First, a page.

Tuesday, December 12, 2006

By 2040: an Arctic with no ice?

An article on The Times Online by Lewis Smith entitled "By 2040: an Arctic with no ice?" discusses recent "calculations" concerning how quickly the "summer ice" of the Arctic ice cap may melt. Previously scientific models had suggested it would take another 65-75 years (not until 2070-2080) before the summer ice would be completed melted, but more recent simulation models are suggesting that the summer ice will be gone in 30 years.

How alarmed should we be?

Well, not so fast. Slow down, and consider what we have to work with.

These are simply "simulations" or "calculations" based on "models".

If the science had been all settled, why yet another new model?

And why should be believe that this new model is really the final, ultimate, end-all model?

The models are certainly interesting, but how well do they really forecast the future? And decades into the future at that?

According to Marika Holland who led this latest study:

We have already witnessed major losses in sea ice, but our research suggests that the decrease over the next few decades could be far more dramatic.

Wait a minute... how solid is this research if it merely "suggests" what "could" happen?

I am all in favor of funding the scientists to continue research into how the atmosphere and climate work, but it is simply not credible for any of these scientists to "suggest" that they truly fathom the complex mechanisms of planetary geology, continental land masses, foliage, oceans, the atmosphere, solar heating and cooling, climate, and weather systems with sufficient rigor to be able to produce relatively simple models that can forecast ocean, atmosphere, and climate effects decades into the future. It simply isn't credible.

By all means, let us encourage the scientists to produce ever more sophisticated models, but it is simply far too soon to base any governmental, economic, or environmental policies on any of the current, dubious "research" models.

-- Jack Krupansky

5 Comments:

At 6:30 AM , Anonymous Max Connerie said...

Interesting comments. As an economist, I am interested in the realism or otherwise of models. Mainstream economists (following Milton Friedman) tend to assume that assumptions are unimportant, and that the quality of a model is decided by its ability to predict outcomes. I disagree with this approach, and think that assumptions do matter -- that complexity and the changing nature of society makes it difficult to capture reality within a simplistic model.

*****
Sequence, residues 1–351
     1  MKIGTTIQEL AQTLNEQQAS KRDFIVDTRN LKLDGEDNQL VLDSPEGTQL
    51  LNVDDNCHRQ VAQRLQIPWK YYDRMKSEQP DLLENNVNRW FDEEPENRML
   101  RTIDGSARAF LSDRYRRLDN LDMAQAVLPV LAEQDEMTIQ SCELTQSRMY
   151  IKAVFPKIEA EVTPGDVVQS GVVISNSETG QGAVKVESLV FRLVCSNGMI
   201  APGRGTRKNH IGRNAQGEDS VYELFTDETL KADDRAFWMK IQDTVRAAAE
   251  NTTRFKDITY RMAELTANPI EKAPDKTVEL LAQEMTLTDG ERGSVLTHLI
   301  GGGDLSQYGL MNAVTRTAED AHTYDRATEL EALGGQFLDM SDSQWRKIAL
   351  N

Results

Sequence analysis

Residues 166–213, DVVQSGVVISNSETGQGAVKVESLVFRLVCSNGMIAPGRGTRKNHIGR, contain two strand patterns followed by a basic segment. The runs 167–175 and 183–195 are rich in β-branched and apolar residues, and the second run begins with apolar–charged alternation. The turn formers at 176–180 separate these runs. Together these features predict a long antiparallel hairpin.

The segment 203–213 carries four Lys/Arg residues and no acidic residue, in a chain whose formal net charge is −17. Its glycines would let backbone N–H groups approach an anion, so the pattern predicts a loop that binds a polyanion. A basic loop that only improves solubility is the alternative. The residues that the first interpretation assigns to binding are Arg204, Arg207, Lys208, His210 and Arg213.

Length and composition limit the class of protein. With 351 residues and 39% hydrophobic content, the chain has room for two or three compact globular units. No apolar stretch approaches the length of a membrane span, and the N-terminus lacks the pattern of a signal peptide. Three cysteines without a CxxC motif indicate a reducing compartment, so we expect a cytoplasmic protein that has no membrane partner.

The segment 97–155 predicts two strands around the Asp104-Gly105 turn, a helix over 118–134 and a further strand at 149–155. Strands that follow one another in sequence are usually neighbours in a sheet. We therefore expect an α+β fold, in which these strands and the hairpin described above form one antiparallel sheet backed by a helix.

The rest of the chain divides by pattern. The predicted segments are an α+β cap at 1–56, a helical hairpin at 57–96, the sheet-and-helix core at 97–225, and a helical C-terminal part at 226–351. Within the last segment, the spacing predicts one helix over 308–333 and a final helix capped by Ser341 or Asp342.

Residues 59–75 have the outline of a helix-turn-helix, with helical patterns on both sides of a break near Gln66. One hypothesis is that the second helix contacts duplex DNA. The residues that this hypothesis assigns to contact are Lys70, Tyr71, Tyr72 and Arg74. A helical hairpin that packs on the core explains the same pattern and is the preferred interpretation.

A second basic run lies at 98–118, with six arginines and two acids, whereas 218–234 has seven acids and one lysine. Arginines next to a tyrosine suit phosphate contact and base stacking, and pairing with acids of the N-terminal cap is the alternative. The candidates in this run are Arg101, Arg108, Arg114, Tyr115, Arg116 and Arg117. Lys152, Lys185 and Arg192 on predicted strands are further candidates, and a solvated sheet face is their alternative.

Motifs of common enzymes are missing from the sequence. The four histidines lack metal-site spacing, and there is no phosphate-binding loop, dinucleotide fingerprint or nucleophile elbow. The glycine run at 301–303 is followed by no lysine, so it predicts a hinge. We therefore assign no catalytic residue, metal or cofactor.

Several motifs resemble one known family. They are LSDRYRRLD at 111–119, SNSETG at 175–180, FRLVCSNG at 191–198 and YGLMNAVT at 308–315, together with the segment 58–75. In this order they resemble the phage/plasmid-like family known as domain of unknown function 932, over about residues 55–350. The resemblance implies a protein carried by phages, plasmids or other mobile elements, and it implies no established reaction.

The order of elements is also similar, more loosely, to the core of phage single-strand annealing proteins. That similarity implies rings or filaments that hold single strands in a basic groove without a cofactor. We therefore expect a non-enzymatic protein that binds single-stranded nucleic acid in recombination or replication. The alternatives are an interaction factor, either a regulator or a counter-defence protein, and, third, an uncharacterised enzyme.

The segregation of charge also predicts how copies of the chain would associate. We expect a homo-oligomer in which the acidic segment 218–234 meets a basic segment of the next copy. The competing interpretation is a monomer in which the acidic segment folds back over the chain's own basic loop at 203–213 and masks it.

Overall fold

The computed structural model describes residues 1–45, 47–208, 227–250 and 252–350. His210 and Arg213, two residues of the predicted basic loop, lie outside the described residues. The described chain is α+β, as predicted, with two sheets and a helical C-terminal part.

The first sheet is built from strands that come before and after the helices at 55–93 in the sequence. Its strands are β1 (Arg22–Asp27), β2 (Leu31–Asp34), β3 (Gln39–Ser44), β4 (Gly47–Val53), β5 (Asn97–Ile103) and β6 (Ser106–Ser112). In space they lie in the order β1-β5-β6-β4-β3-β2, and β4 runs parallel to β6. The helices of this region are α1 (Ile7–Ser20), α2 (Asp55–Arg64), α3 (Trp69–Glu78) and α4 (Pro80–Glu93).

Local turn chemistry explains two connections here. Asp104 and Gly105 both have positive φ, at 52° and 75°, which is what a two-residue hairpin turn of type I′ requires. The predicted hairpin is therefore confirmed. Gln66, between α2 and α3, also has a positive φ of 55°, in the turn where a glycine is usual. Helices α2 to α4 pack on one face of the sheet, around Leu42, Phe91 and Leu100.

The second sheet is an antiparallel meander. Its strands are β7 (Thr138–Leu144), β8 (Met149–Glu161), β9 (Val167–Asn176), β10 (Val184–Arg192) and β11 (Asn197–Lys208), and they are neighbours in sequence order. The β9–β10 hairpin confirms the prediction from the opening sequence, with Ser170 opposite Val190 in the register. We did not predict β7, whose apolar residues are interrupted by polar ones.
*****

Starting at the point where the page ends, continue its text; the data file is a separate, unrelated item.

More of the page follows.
That said, many scientists will not see it as a damning criticism to be accused of inventing a model that is very simple. These particular scientists presumably believe that they have isolated the important causal factors in climate change, and they may have found that their new model adequately explains previous changes in the polar ice cap. Of course there is a degree of uncertainty about the future, but this model may constitute their best estimate.

 
At 6:35 AM , Anonymous Anonymous said...

Whoever said 'all the science has been settled'? Do you know any scientists who have ever claimed such a thing?

We need yet another new model' precisely because our understnading is not yet complete, and we are always discovering new things about the contemporary world which mean we need to refine our predictions of the future. Are you really suggesting that we should now stop trying to find out about how the world functions and building better models to reduce our uncertainty about the future?

Remember, the ice sheets are melting FASTER than models predicted 10 years ago. Obviously, this has no bearing on whether the predictions in question are accurate, but bear in mind that they may be under, as-well as over-estimates of the actual rate of change.

 
At 6:44 AM , Anonymous Anonymous said...

The question whether we should base policy on a model does not depend only on the reliability of the model. Krupansky says that the model is not reliable enough because (a) it corrects a recent model, and (b)the modeling covers some seriously complex factors and it is doubtful that the scientist can fathom them at this point. Let us suppose Krupansky is right, and the model is probably at least marginally wrong, the question whether we should base policy on it depends at least partly on how soon we are going to suffer damages from the consequences predicted by the model if we don't act. We could imagine the following situation: we cannot confirm the model as reliable before the 2030s, but only if we act before the 2020s are we going to be able to avoid the worst consequences. If the situation was of this kind, it is obvious that the most reasonable course of action would involve changing our policy concerning carbon pollution as soon as possible. This shows that prudence, and not the mere reliability of scientific models, should play a major role in our deciding policy.

 
At 2:26 PM , Anonymous Anonymous said...

How alarmed should we be? Very alarmed I'd say. 2040? 2080? Who cares exactly when. The point is that something needs to be done NOW to prevent global disasters such as this from occuring don't you think?

 
At 7:57 PM , Anonymous Anonymous said...

I think it is comfortable for you the be ignorant.
As an economist/or an opportunist you probably see resorts in north of Canada where is ice right now, but i'll tell you that you will be dead by then, and if not I'll make sure i will get there before any of you so called tday's economist.
the future jerk.
By the way, FUCK YOU.

 

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